David Holdridge, who was awarded permission by the Syrian Government in 2008 to set up a Relief and Development office in Damascus, warns of the untoward outcomes of US intervention in the Syrian Civil War.
There were those days, back in March of 2011, when Bashar Al Assad could have jumped the curve and pre-empted the catastrophe before him and the people of the Middle East. At least in theory. No-one is really sure about the extent to which his hands were tied by other influences within the regime or by his entanglements with external allies. Yes, those were the days when the Arab Awakening with all its pent up energy came rolling into and across Syria. It was a time of possibility for renaissance, as peaceful citizens demonstrated for an end to autocracy.
Syria was not Tunisia. Nor was it Egypt. It was a mosaic of ethnic and religious groups patched together by the French cartographers at the start of the 20th century and then supplemented by large flows of refugees from Turkey, Palestine, and most recently Iraq. It was also eminently secular, modern, and had achieved an accommodation of sorts with Israel. Esteemed dignitaries from the US congress came to visit in recent years, including multiple visits by Senator John Kerry. They and other visitors expressed some optimism about “turning Syria” toward the West.
Notwithstanding these flirtations, Syria’s regime was still one which ruled with the hand of fear and was intimate with Iran, the Hezbollah, and Russia. This was also a regime controlled by the minority Alawites in what was becoming, since 2003 and the Shi’a ascendency in Iraq, a much more pronounced Shi’a-Sunni divide across the region.
And then, as we all watched the daily dispatches in early 2011, precipitous change was ignited by the events in Dera’a in March, leading to a bloody unraveling of State control and then to an active foreign intervention which is currently helping to push the country toward an internal fragmentation; one which could completely dismantle the original State boundaries set by European powers (Sykes-Picot) almost a hundred years ago.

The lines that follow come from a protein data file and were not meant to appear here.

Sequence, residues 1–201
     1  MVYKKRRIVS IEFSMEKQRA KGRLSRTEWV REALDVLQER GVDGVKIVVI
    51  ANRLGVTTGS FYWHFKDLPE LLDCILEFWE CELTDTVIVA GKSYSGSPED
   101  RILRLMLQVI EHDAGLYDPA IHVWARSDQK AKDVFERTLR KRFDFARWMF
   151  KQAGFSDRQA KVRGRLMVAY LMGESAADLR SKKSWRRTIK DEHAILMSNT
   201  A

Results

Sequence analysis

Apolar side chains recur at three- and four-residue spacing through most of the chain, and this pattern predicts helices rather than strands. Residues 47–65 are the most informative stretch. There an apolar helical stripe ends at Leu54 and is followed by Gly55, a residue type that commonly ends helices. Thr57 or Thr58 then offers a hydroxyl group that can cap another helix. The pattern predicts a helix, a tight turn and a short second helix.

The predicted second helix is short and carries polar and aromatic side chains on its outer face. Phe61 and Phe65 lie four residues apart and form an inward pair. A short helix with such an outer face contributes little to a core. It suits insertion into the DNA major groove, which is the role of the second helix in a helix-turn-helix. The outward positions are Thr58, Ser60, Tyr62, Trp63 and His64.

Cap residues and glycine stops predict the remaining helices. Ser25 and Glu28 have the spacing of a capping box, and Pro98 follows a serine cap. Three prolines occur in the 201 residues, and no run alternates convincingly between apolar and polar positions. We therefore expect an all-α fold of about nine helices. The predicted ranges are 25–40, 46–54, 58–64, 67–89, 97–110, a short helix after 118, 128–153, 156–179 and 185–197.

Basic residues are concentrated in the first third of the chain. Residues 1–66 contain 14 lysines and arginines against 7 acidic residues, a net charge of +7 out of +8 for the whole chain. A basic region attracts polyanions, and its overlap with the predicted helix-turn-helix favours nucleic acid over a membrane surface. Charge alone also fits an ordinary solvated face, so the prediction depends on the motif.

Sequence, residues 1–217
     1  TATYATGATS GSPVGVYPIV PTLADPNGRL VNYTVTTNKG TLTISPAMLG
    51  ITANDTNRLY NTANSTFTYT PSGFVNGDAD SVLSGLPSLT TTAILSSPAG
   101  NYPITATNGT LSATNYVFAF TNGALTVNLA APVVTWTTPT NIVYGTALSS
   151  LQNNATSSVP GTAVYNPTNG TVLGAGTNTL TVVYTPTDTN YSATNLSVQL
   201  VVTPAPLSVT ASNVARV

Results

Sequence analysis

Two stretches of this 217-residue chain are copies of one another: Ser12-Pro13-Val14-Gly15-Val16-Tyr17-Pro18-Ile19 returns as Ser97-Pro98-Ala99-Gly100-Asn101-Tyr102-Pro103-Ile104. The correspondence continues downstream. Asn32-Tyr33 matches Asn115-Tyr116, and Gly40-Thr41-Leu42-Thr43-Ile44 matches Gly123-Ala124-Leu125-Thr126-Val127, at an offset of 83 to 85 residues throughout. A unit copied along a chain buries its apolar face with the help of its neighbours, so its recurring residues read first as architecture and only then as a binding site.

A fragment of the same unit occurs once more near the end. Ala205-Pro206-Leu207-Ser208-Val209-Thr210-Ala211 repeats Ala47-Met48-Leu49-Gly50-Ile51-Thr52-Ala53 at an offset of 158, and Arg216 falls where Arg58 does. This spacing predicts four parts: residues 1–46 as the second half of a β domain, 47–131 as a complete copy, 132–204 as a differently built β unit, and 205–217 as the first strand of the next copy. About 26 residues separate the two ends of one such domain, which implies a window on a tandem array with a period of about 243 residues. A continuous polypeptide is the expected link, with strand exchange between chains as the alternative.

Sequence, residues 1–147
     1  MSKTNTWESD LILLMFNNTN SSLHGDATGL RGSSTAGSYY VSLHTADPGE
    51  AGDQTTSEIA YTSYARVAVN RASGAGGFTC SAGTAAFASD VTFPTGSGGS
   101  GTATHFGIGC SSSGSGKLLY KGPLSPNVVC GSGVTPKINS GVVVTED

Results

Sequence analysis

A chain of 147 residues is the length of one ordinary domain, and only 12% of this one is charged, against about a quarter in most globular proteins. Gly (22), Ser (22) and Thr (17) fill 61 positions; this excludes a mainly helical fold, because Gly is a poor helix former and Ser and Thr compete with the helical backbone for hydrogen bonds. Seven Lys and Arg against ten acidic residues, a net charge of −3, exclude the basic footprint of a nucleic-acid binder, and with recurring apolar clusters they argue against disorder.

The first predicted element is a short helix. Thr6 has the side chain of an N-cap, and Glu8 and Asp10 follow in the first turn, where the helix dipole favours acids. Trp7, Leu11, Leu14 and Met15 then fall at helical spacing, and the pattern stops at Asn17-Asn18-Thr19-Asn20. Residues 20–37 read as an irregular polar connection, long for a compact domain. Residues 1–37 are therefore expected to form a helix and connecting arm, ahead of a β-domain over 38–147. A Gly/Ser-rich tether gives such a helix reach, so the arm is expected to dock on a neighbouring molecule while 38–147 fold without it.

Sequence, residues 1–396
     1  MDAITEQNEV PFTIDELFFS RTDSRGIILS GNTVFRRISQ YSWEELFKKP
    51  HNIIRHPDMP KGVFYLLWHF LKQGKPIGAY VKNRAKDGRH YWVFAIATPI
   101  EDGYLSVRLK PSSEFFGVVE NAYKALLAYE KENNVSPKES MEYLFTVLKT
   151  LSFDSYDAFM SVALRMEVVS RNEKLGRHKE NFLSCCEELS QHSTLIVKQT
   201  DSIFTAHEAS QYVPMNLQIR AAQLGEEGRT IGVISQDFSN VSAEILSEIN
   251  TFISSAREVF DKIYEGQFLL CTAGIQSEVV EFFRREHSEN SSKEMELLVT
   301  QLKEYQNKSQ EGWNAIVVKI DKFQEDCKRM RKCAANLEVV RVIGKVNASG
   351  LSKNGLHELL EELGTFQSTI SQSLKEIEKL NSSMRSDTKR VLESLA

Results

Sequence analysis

One Western-educated Syrian colleague of mine recently said: “it would be like Humpty Dumpty… ‘All the king’s horses and all the king’s men could not put Humpty back together again.'” Just for starters, he had continued, what do you do with an independent Kurdish entity inside Syria and with its common border with the KRG (Kurdistan Regional Government) in Iraq? What happens in Lebanon as Shi’a and Christians from Syria stream into the demographic mix there? And “where to” for the Islamists who have been nursing their wounds since the Hama massacre by Hafez Al Assad in 1982? And as if that were not enough to cause great consternation over eventual outcomes, what about the hundreds of thousands of Iraqi and Palestinian refugees in Syria untethered to the only regime they have known?
For over a year now, the pundits along the Potomac have expatiated on those possible convolutions. These are especially grave when seen in the context of the recent war in Gaza and the eruptions ongoing in Egypt. To my mind, this is not a case of ”chicken little”. Once the end game blows Syria into pieces, partition is assumed and so is the bloodshed which accompanies massive displacement as people seek refuge in their ethnic and religious enclaves. The ensuing conflict over the boundaries of those enclaves will intensify, compounded as the ever ambitious neighbors — Turkey, Iran, Saudi Arabia, and Israel — look on and seek advantage from the turmoil. No off-shore “shadow government” currently “under construction” by the so-called Friends Of Syria will re-establish a national center in the aftermath.
Nowadays, my friends and colleagues in the Syria vortex speak to me with one voice. They say: Yes, back in March 2011, maybe something could have effected transition without a bloodbath, but once you reach a half million exiles and over 50,000 killed, there will be an inevitable settling of scores. Such a settling, that it is unlikely its fire will not sweep from Istanbul to those great autocrats in Riyadh and Doha for whom America has such fondness.
Frankly, even a skeptic of US performance in the Middle East over the last three decades, such as myself, might have expected that the US policy makers would have been more circumspect about their current partisan engagement with diverse elements of the opposition within Syria. Particularly, coming so soon as it has on the heels of a similar experience less than a decade ago with their construction of the ”offshore” Iraqi National Congress, which, as we have all witnessed, led to such untoward results following the 2003 US invasion of Iraq.
The views expressed in this article are the author’s own and do not necessarily reflect Fair Observer’s editorial policy.
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